The era of smart tech is upon us in horror films. Scream (2022) showed a character fighting off her attacker with a smart lock. Video surveillance in Paranormal Activity led to truly grueling scares. Meg3n embraced a killer AI doll and seems poised for sequels. The fears of AI and a digital world are primed to take over the horror landscape. In that sense, Motion Detected, a new thriller from directors Justin Gallaher and Sam Roseme should be primed for success. Unfortunately, some clunky exposition and a lack of scares leaves Motion Detected as an ambitious but unsuccessful experience.
When a family goes missing, their smart house becomes available to rent. Eva (Natasha Esca) and her husband, Miguel (Carlo Mendez), move into the house. They left Mexico City after Eva was attacked in their home. With the new “El Diablo” security system, Eva hopes to feel safe. Yet there’s more to the system than she realizes.
While the premise of Motion Detected certainly opens doors for scares, it begins stumbling relatively early. The choice to show a “de-rez” image of a child gives up the game early. We never believe Eva becomes unmoored from reality. We know the home system somehow stole a child. This removes any tension from the psychological thriller aspect of the plot.
Furthermore, this becomes an issue when the scares also fall short. The video footage of the child wandering through the house never comes across as scary. Furthermore, we do not see enough interactions outside the house to show how far the paranoia has progressed. Instead, Motion Detected remains focused in the house. This might have created a feeling of claustrophobia, but the positions of the camera make the house feel shockingly expansive.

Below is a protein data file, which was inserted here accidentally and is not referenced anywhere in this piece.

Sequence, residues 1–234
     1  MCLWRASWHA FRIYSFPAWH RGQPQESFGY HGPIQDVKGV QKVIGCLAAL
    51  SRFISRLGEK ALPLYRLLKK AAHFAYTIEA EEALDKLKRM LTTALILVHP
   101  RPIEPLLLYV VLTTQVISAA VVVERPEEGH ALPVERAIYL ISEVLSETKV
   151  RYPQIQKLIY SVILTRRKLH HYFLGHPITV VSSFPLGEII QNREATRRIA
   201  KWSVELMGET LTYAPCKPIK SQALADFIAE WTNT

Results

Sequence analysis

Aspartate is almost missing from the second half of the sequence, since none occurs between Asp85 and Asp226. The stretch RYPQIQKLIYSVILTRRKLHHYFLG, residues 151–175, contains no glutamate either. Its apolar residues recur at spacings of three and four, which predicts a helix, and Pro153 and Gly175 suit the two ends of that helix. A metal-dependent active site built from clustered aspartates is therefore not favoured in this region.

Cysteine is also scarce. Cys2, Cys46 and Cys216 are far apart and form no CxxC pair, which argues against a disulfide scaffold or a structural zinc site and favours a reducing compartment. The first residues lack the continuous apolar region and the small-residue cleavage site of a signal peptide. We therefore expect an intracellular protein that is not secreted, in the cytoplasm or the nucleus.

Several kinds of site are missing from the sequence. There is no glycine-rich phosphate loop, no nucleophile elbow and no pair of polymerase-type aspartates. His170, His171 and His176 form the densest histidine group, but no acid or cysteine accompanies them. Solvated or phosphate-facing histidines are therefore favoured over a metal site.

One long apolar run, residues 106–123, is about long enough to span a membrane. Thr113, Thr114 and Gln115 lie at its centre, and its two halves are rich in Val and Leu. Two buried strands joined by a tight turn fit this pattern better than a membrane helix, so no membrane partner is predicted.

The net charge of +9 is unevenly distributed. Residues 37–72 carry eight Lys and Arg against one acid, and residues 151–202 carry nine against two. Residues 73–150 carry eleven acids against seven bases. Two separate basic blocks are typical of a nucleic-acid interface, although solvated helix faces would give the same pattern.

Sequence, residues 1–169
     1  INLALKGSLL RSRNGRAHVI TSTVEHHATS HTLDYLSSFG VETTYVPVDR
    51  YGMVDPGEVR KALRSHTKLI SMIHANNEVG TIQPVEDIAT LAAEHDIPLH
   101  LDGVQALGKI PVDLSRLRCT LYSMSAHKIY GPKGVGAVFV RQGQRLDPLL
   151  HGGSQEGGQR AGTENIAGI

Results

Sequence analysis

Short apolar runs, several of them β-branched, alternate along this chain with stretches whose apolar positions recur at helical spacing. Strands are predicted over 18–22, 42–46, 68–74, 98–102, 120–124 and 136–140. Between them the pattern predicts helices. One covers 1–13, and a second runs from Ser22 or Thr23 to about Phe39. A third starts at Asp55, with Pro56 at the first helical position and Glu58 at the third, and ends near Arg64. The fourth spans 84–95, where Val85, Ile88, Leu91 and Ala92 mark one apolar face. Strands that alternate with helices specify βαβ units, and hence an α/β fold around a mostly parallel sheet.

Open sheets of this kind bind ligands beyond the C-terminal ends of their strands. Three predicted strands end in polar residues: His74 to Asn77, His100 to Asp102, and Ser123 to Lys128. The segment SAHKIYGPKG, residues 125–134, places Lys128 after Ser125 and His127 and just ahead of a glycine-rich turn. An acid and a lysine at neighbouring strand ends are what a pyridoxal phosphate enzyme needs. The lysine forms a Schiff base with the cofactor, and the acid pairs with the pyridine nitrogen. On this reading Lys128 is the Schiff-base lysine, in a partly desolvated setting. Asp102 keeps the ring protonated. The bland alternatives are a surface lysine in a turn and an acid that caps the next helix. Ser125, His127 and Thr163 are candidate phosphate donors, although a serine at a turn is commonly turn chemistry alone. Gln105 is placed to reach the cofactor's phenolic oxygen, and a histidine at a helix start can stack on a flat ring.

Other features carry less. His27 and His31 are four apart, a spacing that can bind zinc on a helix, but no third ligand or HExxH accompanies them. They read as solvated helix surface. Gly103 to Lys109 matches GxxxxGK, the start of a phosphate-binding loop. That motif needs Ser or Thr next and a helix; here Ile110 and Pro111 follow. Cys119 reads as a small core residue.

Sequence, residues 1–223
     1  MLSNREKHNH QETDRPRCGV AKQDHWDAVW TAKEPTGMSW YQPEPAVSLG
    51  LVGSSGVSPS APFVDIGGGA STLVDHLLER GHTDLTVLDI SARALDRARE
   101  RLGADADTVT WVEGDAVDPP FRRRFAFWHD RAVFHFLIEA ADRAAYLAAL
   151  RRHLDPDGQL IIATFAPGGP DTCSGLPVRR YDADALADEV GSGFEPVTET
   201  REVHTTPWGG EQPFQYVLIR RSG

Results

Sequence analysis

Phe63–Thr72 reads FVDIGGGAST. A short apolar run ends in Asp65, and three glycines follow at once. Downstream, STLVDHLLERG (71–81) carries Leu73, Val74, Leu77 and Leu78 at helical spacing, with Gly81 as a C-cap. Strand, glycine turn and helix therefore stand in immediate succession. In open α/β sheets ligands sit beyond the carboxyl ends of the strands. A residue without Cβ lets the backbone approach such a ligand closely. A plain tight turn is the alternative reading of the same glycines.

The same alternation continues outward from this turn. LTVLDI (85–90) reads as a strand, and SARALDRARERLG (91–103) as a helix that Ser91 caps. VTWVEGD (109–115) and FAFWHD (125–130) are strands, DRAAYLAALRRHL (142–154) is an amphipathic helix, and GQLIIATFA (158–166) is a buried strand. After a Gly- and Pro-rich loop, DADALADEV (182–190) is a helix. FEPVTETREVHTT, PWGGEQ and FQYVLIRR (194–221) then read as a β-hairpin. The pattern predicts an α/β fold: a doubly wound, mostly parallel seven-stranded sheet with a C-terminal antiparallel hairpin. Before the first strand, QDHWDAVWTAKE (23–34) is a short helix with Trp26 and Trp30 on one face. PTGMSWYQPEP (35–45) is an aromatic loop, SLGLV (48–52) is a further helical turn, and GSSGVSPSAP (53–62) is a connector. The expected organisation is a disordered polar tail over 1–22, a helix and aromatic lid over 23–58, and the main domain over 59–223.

Another major issue facing Motion Detected stems from a lack of ideas. It’s not inconceivable that a person who has extreme PTSD would move to a new city. However, why do the home invader, and the home security system, share the same name? This is just not logical, even if you want to buy the ideas on hand.
Perhaps most frustratingly, Motion Detected wants to allude to voyeurism and surveillance as the enemy. Yet it chooses to create a murky storyline about dangerous AI that seemingly pulls characters into its world via Tron-style disintegration. Again, this idea does not feel new or fresh.
The performances in Motion Detected range from fine to bad, but no one brings anything special to the screen. Unfortunately for the actors, there’s not much to pull from in the screenplay. A limited budget hurt the visual splendor of Motion Detected, but it might have overcome that issue with stronger writing. Sadly, it cannot sustain its exciting premise.